Gail Rosenblum
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Fans of the popular Netflix series “Orange Is the New Black” saw a new co-star emerge in the recently released and notably feverish fifth season:

The cellphone.

As the prisoners take control of the facility, they also retake a bounty of repossessed cellphones and hungrily use them to reconnect with the outside world.

It’s a subtle plot point that’s painfully relevant in real life.

The many good people working on phone justice reform know how essential connections to loved ones are for those behind prison walls. Many inmates describe telephones as lifelines, helping them to stay sane, to co-parent their children, and to secure future housing, which often is a requirement of probation.

Activists also know that the pricing system resembles highway robbery, with phone calls in some counties as high as $8 for the first minute. That price tag can leave loved ones, who often cover the costs, with the choice of keeping connected or paying their rent.

One recent study found that one in three families with an inmate goes into debt because of prison phone costs.

So recent news, largely buried, was sad for those families and sad for us, too, if we believe in justice, kindness and public safety.

After many years of progress to cut prison phone costs — much of it thanks to the Obama administration — a federal court this past month struck down regulations that cap those costs.

In a 2-1 decision, the U.S. Court of Appeals for the D.C. Circuit said the Federal Communications Commission (FCC) exceeded its legal authority in 2015 when it created rate caps for all calls, whether collect or debit.

Artika Tyner, a Twin Cities lawyer who is active with the Campaign for Prison Phone Justice, said the news left her feeling disappointed.

“This is personal to me on a day-to-day basis,” said Tyner, associate vice president of diversity and inclusion at the University of St. Thomas.

“Many people aren’t aware of the reality of the usury rates,” she said, referring to interest charged at unreasonably high rates. To a lot of the public, prison is a lost story, a lost narrative. They’re not thinking of those who are incarcerated as our future community members, our future neighbors.

“But most people come home,” Tyner said, “so what do you want their experience to be? If they are connected to their families and their communities, it’s better for everyone.”

Prison phone reform has been building since Martha Wright, a grandmother in Washington, D.C., brought the issue to light about 18 years ago. Wright, who has since died, spent nearly $1,000 a year of her fixed income to stay in touch with her grandson so he wouldn’t feel abandoned.

More than 2.7 million American children have an incarcerated parent. In Minnesota, more than 15,000 children do.

For fully half of these families, the inmate was the primary breadwinner. As these families struggle, phone companies, and prisons, prosper.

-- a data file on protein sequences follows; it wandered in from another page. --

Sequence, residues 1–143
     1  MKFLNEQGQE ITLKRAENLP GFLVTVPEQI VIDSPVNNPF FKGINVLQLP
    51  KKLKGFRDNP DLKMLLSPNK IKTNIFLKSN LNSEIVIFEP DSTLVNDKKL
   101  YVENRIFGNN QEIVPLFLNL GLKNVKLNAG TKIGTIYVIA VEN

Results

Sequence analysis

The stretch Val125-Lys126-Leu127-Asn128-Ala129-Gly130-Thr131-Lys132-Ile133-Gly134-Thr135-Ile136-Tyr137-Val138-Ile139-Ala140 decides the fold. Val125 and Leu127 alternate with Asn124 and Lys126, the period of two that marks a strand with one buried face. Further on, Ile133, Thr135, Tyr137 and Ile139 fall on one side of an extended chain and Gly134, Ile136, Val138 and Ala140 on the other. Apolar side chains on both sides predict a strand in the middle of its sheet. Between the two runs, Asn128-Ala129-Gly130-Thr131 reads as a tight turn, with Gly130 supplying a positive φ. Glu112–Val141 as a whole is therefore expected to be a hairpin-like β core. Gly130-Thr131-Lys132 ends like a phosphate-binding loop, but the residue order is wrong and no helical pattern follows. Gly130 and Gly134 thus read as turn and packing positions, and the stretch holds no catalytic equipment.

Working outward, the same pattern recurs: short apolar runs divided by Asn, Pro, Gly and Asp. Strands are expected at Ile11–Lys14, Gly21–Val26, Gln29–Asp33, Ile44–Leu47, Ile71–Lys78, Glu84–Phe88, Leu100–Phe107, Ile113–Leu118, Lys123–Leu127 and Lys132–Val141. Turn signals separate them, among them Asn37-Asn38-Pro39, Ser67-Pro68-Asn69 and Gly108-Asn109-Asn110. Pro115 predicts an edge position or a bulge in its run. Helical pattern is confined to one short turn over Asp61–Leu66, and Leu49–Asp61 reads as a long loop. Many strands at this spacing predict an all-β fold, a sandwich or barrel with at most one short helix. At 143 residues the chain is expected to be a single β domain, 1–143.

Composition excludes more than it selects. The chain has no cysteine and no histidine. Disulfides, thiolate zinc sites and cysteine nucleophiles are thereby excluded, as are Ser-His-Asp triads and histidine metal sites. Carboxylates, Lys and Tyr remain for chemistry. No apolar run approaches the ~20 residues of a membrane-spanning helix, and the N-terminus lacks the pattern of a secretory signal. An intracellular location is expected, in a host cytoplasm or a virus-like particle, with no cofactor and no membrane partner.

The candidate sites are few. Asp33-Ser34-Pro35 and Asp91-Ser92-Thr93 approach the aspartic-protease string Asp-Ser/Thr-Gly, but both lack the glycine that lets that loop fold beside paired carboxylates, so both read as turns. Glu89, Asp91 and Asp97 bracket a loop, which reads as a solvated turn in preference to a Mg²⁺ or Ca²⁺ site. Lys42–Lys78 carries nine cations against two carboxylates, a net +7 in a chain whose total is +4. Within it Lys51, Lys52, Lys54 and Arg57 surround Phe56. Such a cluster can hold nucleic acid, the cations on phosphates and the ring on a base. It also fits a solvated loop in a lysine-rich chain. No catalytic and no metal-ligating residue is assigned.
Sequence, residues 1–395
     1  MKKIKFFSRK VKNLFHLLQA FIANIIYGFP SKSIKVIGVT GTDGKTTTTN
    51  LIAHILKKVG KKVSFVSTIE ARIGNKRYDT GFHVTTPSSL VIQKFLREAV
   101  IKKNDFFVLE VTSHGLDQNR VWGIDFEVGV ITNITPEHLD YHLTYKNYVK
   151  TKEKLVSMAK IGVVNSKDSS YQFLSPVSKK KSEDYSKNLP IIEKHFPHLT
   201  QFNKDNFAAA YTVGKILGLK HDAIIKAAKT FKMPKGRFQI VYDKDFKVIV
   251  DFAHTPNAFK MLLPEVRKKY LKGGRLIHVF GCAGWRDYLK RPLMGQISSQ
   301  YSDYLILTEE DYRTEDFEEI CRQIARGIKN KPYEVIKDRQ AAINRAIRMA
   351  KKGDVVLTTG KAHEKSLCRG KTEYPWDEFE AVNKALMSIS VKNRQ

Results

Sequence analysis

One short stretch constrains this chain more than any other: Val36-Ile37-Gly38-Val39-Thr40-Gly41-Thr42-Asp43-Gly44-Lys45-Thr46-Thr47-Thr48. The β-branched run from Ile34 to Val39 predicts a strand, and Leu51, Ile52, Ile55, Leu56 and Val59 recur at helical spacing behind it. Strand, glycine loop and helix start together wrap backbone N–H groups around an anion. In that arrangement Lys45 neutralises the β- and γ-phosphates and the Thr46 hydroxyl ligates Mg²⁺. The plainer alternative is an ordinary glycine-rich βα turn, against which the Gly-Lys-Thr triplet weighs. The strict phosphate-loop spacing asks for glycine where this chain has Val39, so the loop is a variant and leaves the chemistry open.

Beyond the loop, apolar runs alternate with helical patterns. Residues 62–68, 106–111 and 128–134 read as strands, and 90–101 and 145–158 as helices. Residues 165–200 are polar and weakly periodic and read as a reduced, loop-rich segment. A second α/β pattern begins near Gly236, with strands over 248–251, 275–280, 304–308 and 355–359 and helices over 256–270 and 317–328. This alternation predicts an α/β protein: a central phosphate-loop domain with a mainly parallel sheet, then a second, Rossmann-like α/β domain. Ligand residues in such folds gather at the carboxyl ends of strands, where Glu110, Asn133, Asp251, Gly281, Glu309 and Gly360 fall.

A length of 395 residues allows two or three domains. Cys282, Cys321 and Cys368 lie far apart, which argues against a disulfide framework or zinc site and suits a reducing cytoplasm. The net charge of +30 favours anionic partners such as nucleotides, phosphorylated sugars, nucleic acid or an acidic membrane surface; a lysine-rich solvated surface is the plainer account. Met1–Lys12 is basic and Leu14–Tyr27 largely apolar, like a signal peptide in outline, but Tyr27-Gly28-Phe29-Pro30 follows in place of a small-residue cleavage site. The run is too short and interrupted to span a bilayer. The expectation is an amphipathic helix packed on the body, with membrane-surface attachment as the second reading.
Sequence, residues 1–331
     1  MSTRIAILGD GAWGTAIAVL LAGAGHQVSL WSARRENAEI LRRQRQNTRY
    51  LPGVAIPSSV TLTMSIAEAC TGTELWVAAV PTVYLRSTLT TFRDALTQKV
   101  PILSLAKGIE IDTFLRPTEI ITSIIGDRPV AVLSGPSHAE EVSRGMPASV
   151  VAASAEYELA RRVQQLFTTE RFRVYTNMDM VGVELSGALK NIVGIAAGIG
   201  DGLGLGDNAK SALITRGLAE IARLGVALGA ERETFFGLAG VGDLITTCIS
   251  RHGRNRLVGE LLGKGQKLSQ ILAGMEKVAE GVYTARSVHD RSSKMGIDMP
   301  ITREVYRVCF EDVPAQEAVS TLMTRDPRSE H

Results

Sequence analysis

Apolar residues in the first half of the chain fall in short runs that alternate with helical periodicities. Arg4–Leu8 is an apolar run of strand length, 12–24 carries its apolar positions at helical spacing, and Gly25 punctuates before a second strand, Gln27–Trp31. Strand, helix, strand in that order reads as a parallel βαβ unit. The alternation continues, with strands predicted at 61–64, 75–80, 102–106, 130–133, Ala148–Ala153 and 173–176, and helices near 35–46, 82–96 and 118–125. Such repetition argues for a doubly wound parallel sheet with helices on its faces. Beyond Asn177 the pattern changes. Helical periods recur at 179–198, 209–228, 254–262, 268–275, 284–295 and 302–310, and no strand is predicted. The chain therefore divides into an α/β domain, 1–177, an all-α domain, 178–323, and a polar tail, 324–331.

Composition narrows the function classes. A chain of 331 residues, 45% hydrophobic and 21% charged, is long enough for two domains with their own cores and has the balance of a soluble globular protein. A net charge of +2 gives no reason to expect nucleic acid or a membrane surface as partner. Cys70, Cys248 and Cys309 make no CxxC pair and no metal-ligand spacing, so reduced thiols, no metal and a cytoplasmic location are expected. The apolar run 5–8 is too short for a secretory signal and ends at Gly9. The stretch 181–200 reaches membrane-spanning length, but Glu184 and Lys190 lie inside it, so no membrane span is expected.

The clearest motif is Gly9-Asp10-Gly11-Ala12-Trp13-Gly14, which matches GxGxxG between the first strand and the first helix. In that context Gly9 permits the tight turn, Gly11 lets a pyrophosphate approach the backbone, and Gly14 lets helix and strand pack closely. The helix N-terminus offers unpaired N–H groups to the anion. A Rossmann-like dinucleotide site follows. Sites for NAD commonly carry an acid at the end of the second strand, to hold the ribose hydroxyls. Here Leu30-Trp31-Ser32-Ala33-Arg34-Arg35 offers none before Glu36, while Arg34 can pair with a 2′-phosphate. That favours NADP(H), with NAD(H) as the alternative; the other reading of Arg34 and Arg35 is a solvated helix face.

Correctional facilities generally enter into exclusive contracts with phone service providers, with commissions (or kickbacks) to prisons that reach as high as 60 percent. In 2013, phone service companies paid at least $460 million in commissions to correctional facilities, according to a brief filed by advocates for inmates and their families.

Wright’s class-action lawsuit was referred to the FCC in 2001. It didn’t get traction, though, until 2012, when Mignon Clyburn, the lone Democrat and the first African-American woman to be FCC chair, made phone justice her top priority.

Clyburn pushed through the first wave of regulations and, as momentum built, many states adopted price caps. Then President Donald Trump, in one of his first presidential decisions, appointed Commissioner Ajit Pai to chair the FCC.

Pai said that “due to a change in the composition of the commission,” the FCC would no longer defend the caps.

“The night Trump won, people were freaking out about health care, but I knew our case at the FCC was largely over,” said Lee Petro, a Washington, D.C.-based attorney providing pro bono counsel to families.

But the fight for phone justice is nowhere near over. Supporters are “strongly considering” an appeal of the decision by the end of July, Petro said.

Advocates also are moving to “block transactions by bad actors.” In one Michigan county, Petro said, a phone company “eliminated” its illegal connection fee, but then charged $8.20 for the first minute to make up for it.

Minnesota, I’m sorry to say, isn’t the gold standard, either, with some first-minute rates north of $4.

“The only people who win from this,” Petro said, “are the privately owned phone companies.”

Yet, he’s buoyed by a growing number of states stepping up to bring costs down.

“Alabama is a model for resolving this issue,” he said. “New Mexico also. Louisiana is working on it and New Jersey recently adopted caps. That’s where this fight has to go.”

Tyner agrees. “This may have to be a state-by-state movement,” she said. “I know that it will have to be something where the voice of the people continues to be heard. As a civil rights attorney, I know about the power of the people.”

For those who prefer the power of the bottom line, they’ve got that covered, too.

Petro points out that a reduction in recidivism by just 1 percent translates into a savings of $250 million annually.

Petro recalls one letter from an inmate four years ago, who wrote, “Look, I’m paying my dues to society. I’m doing what society told me to do. But my family shouldn’t have to foot this additional fee. How many different ways do I have to pay for my crime?”

Comments like that, Petro said, “are what drives me at the end of the day. That person doesn’t have anybody arguing his case. He is largely marginalized from society.

“That’s what we are fighting for.”